Alberta Public Service Collective Agreement

Public services for people with developmental delays (PDDs) are under threat. However, the decisions of the Convention still had to be approved by the government, as the union was active under the Corporations Act. That changed on November 17, 1977, when the AUPE met to exchange its status for a union without a union. All aspects of the CSA have been transferred to the new union. On May 18, 1977, the Public Service Employee Relations Act (PSERA) obtained the royal agreement that AUPE granted to bargaining rights for each group of workers for whom it had a collective agreement. These agreements were ratified at the union`s second meeting at the Palliser Hotel in Calgary. The labour code requires unions and employers to file a copy of their collective agreement with the Director of Mediation Services. Section 150.1 of the Labour Code requires collective agreements to be filed within 30 days of the contract being concluded. Membership continued to decline dramatically, to about 35,000 in 1995. The number of members of the public service increased from more than 32,000 in 1992 to only 18,000 in March 1998. AUPE was very close to bankruptcy. However, with the support of the affiliated unions, the union was able to honour its salaries and wage a vigorous campaign against the government`s agenda. AUPE remains active in the labour and provincial movement in Alberta.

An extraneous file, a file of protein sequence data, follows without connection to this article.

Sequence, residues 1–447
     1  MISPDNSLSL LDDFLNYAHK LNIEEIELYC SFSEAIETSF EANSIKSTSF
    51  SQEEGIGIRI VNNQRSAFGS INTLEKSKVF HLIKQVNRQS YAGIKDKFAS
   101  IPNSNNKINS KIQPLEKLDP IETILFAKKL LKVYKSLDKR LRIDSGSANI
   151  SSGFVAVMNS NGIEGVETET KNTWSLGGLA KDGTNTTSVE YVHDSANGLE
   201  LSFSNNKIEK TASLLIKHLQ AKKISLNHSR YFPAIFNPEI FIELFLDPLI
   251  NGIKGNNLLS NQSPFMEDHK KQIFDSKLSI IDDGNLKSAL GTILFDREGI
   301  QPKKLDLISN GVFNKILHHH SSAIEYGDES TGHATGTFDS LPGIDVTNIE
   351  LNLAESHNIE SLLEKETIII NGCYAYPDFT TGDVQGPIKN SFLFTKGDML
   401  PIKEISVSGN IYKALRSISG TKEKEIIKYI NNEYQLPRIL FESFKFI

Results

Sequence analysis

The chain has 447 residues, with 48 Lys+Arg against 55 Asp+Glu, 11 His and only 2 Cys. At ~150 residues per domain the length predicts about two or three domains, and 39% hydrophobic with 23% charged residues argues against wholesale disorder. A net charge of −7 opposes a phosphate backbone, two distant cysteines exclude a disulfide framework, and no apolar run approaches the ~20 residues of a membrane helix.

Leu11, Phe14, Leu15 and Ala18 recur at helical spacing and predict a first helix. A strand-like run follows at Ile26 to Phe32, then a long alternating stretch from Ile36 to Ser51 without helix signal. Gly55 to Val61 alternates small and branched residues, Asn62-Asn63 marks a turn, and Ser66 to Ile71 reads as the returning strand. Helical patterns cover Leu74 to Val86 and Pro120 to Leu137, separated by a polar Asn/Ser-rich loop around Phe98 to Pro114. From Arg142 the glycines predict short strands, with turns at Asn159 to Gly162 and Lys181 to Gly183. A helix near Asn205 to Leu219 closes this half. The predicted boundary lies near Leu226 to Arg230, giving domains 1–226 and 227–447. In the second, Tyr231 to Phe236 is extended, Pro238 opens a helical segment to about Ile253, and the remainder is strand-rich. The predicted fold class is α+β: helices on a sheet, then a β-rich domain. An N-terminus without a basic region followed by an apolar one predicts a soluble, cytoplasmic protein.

In the fall of 2007, she ran a major campaign to lobby for changes to Alberta`s labour laws that prohibit strikes by most AUPE members. Despite these prohibitions, AUPE members have repeatedly engaged in illegal strikes to speed up their collective agreement claims. If you are looking for agreements in other provinces or federal agreements, you can access multiple resources through the resource list. The government took advantage of the weakened state of the AUPE and opened negotiations in 1994 by announcing 5% flat-rate cuts to the public service, as well as government-dependent boards and agencies for funding. After a long campaign, AUPE ratified agreements with reductions of around 2.3 per cent, with the remainder concluded on days off and on public holidays. The government is subject to the Freedom of Information Act and the Data Protection Act with respect to the provision of agreements containing personal data such as the names of employees. This information is edited before the agreement is made available for research. AUPE argued that the province`s labour laws – because they involved private sector employees, public employees and employees who were not represented by unions – are outdated, unfair and inconsistent with international labour rights conventions, including statements signed by the Canadian government. In the mid-1990s, AUPE had to deal with its membership due to the privatization of some public services during provincial management by Prime Minister Ralph Klein. The number of members fell to about 35,000 in 1995.